I could see there was a clock on the right side of the finish line, but they had some colorful flags lined up in front of it which inhibited my ability to read my time until I was close to the finish line itself. I noted that it read 3:03 (and some odd seconds) as I neared my final steps of the race. I was so relieved to have finished 13.1 miles (especially since I had not practiced going further than 9 miles). The time didn’t really matter—it just felt great that I had done it! There aren’t too many folks who have even attempted a single half marathon, and now I’ve been able to complete three of them—in three of West Virginia’s biggest cities, each of which have been important in my life (Charleston, Parkersburg, and Morgantown).
I had not set a goal for myself prior to the race (in part because I had no recent data since I had not practiced a half marathon), other than the goal of simply finishing it. After all, it takes some gumption to merely attempt a half marathon. However, when I realized I almost beat the three hour mark, I started trying to think about how much time had been spent hugging and taking pictures. Then I remembered that the event clock would have started with the first wave to leave the starting corral, so if there was a two-minute gap before the second wave started, then I could subtract that amount off my time. That calculation in my head got me even closer to the three hour mark.
As I staggered from the finish line area, I grabbed a bottle of water, a banana, and a couple of plums (I skipped the bagels) that were among the free post-race food offerings, and headed for the levee to rest, stretch, and listen to the end of the concert by former Biggest Loser contestant Dan Evans. Then it was time for the awards ceremony. I knew I had not seen many other walkers, and that with five-year interval age categories, I thought there was a chance I might have won something. However, to my surprise, my age category was not even announced.
I went over to the wall where they were posting results pages from their electronic scoring, and discovered that I was not listed at all. I spoke with someone in charge, who explained that the chip embedded in my racing bib must have been faulty. They asked if I had noticed my time as I crossed the finish line, and I told them it was 3:03. They entered it in the computer (and may have otherwise checked to confirm a rough estimate of my time from a list of bib numbers as they crossed the finish line). Eventually, they informed me that I had indeed finished first in my age group, and gave me a certificate and blue ribbon. I even got to have my picture taken with a group of the former contestants. Although there was a snafu, it turned out to be okay.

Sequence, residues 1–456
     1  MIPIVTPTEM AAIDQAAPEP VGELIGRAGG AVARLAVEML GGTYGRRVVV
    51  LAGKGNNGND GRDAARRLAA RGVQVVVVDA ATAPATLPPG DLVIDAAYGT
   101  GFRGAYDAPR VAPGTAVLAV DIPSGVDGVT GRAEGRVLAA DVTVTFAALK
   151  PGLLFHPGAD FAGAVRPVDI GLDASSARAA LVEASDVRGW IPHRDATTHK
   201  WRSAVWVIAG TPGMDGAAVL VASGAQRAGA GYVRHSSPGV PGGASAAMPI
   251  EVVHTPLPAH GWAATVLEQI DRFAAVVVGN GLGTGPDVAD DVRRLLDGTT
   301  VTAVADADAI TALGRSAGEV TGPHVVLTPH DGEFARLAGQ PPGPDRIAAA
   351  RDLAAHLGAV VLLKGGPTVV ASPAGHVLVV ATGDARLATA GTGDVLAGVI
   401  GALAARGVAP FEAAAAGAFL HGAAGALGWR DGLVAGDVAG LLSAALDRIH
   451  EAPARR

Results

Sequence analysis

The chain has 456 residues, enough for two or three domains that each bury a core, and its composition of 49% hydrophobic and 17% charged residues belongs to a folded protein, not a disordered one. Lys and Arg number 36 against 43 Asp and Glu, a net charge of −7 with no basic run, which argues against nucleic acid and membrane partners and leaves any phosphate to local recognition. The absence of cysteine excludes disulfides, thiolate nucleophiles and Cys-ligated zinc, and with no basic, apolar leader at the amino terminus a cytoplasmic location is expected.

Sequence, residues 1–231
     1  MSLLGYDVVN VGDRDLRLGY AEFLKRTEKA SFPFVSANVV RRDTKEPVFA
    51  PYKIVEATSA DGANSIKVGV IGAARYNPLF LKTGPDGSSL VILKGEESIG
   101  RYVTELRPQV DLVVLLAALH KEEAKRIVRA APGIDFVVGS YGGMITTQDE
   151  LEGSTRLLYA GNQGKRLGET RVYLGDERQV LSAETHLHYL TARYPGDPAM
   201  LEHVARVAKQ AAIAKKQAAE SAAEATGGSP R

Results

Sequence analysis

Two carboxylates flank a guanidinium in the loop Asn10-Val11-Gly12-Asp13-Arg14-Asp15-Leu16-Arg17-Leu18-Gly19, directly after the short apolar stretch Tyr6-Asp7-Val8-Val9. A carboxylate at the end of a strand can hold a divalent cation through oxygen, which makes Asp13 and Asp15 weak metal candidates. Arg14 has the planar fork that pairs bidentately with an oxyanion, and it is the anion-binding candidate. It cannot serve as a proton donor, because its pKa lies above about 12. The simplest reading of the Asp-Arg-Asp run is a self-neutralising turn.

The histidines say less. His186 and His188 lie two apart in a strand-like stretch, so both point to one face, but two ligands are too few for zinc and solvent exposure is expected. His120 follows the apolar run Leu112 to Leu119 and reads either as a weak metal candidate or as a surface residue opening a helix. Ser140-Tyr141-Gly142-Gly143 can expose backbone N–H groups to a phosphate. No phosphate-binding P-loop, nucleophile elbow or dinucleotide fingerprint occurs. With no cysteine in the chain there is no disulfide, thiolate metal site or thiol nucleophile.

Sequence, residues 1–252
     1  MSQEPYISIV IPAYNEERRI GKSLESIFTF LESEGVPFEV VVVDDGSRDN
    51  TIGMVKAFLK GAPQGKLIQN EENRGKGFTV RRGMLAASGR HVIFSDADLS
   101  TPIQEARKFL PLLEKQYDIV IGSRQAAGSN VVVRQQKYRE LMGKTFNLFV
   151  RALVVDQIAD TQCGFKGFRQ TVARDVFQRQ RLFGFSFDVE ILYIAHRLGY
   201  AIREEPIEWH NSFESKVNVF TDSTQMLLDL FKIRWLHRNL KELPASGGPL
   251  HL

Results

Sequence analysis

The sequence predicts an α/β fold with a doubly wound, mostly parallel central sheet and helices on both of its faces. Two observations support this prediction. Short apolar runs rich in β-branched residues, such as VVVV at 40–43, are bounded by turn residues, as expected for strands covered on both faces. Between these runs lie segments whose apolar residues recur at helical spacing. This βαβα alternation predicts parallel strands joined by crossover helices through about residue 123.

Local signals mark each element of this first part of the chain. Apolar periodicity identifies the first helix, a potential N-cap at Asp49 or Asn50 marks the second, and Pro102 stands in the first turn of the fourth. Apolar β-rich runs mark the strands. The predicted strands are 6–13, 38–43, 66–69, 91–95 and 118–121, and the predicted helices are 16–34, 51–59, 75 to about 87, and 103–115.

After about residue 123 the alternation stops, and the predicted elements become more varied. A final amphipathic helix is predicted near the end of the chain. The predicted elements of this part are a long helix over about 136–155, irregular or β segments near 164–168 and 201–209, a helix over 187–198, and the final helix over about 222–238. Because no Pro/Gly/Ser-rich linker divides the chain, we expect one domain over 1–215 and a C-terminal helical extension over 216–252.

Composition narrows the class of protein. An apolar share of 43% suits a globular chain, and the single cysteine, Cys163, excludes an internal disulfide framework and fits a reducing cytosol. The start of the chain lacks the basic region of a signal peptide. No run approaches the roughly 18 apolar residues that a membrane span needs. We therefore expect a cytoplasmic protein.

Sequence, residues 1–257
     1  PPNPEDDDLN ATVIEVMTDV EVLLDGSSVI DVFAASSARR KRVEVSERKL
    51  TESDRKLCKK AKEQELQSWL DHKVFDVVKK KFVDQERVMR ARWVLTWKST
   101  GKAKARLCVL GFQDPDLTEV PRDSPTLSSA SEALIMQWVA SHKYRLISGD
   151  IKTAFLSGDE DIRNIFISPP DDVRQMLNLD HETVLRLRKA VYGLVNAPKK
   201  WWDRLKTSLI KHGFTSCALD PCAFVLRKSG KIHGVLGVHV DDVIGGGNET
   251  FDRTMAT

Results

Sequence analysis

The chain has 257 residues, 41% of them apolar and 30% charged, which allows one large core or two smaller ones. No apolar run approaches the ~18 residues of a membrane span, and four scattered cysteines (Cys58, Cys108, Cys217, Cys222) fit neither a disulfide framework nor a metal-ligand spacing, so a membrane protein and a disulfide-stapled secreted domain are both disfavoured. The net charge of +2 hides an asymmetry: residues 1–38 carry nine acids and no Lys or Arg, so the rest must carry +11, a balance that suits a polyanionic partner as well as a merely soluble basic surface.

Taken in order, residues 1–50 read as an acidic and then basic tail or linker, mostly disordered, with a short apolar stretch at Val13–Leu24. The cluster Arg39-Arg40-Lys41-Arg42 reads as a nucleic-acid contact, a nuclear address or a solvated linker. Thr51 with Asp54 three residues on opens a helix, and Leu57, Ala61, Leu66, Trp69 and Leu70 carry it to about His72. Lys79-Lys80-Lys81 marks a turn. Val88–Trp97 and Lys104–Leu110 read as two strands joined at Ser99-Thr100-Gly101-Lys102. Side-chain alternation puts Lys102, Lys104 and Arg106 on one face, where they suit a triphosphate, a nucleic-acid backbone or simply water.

When examining the post-race results on the webpage, there were only 31 registered walkers (plus 253 runners). It was surprising to me that more people in the Charleston area didn’t take advantage of the chance to participate in a Biggest Loser Half Marathon! I finished seventh overall, and there was only one other guy in my age group. It might sound good to say I finished seventh overall in a half marathon, but I compared my time to last year’s Parkersburg Half Marathon (which attracts about a hundred walkers), and discovered my time would have finished 52nd overall (plus not even make the top five in my age group). That helped to keep me from feeling too full of myself. I don’t claim to be a great athlete—I’m more of a “fathlete” who channels his inner stubbornness to make it to the finish line.
All in all, it ended up being a nice day for a stroll around Charleston and then to hang out with some reality TV stars! It sure is much more memorable than simply sitting on the couch and watching TV!
Chelsea, Danny, Lauren, and Dan.